Why the Olympics Shouldn’t Move

By Justin Baker

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The Olympic pool at Montreal's 1976 stadium. Photo by Justin Baker.

The Olympic pool at Montreal’s 1976 stadium. Photo by Justin Baker.

Once every four years, citizens around the world get to experience an international athletic competition that draws countries together in a conflict-ridden world: the Olympics.

A seemingly vital part of this global event is the rotation of the host city; every Olympics, a new country shows off its culture and unique take on the games.

While this might be a noble concept, it doesn’t work out well in reality. The Olympics shouldn’t move to cities that haven’t previously hosted the games.

It might seem like this change would destroy the “global spirit” of the Olympics, but they make more logistical sense. Every four years, the hosting of the Olympics inevitably brings with it stadium construction and infrastructure strain that places a toll on both the local economy and on the lives of the country’s citizens.

On a macroeconomic level, FiveThirtyEight reports that most summer games go over budget by 176 percent, and that the large majority of host cities, especially in developing nations, spend more preparing and hosting the games than they earn during the games.

On an anecdotal level, this holds true. Start with Beijing, where the cost of building the “Bird’s Nest” Olympic stadium in 2008 (not even factoring in the cost of actually hosting the games and accommodating thousands of visitors) was $480 million, according to The Atlantic. Now, the massive stadium—whose construction resulted in the deaths of six construction workers—functions only as a museum-esque tourist attraction and costs a hefty $11 million a year to maintain.

But Beijing isn’t the only city in which pre-games preparation has caused problems. In Athens, the New York Times reports that rushed 2004 Olympic construction resulted in the deaths of 14 workers, and in Montreal, hosting the Olympics in 1976 left the city with about $1.5 billion in debt that took 30 years to pay off, according to CNN.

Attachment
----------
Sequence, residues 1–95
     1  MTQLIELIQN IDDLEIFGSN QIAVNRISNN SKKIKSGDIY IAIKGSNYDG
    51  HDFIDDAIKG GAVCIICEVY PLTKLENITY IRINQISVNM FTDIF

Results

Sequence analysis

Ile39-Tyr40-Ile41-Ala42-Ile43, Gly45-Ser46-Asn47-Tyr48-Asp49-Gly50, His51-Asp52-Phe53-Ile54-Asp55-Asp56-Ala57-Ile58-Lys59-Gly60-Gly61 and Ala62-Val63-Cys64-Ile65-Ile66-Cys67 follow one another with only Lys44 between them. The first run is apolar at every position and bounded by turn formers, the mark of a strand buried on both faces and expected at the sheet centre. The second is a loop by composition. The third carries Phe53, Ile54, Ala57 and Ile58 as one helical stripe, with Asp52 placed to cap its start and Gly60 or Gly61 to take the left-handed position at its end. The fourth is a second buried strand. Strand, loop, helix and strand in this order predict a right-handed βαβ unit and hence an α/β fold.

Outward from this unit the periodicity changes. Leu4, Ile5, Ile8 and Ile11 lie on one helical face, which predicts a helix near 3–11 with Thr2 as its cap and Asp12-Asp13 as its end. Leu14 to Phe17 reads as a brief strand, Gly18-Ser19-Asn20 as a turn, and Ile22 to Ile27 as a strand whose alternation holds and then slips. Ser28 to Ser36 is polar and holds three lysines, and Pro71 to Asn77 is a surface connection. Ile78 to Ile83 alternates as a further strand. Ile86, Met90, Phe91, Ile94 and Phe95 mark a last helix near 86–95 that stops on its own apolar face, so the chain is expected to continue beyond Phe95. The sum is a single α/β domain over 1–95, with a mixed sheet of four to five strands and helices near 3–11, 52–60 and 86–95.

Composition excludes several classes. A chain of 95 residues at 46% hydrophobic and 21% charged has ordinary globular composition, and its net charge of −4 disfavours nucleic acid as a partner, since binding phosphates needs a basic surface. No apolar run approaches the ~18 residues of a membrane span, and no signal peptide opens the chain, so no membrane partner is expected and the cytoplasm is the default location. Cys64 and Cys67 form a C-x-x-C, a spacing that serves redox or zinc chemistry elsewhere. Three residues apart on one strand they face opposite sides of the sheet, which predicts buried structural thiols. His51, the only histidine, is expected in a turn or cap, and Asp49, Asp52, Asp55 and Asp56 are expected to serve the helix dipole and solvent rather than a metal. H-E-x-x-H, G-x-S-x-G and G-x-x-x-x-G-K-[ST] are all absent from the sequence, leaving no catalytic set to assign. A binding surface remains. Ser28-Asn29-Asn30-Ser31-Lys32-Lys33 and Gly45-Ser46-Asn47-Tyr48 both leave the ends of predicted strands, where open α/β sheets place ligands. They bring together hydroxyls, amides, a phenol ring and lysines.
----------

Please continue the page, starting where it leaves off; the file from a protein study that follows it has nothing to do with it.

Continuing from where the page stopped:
The most recent games in Río cement this trend; concerns about crime and water quality nearly overshadowed the games themselves (which cost Brazil about 25 billion dollars) in the weeks leading up to the Olympic games.

Many opponents of this change would argue that this ruins the spirit of the Olympics. But in reality, the point of the summer Olympics—-connecting countries in a global celebration of achievement—-is not really rooted in what city they end up in. The celebration of international unity has nothing to do with moving the games.

An Olympics in a previous host city like Los Angeles would’ve had all the pomp of the games without the crime, water quality issues and massive stadium costs.

The bottom line is that routinely shifting the Olympics to new places is an economic burden. As Binyamin Appelbaum of the New York Times explains in this article, Olympic games are rarely good long term economic investments for a country’s growth, and consume valuable real estate through the construction of economically-inefficient stadiums.

This massive burden could be avoided by keeping the Olympics in one place, or by locating them in cities that have already hosted Olympics, and already have the stadiums necessary. This would also allow for stadiums that currently are only used for about two weeks to have more longevity.

So let’s be smart and make a change that will save money and lives. Games that bring the nations of the world together shouldn’t tear the host country’s economy apart.

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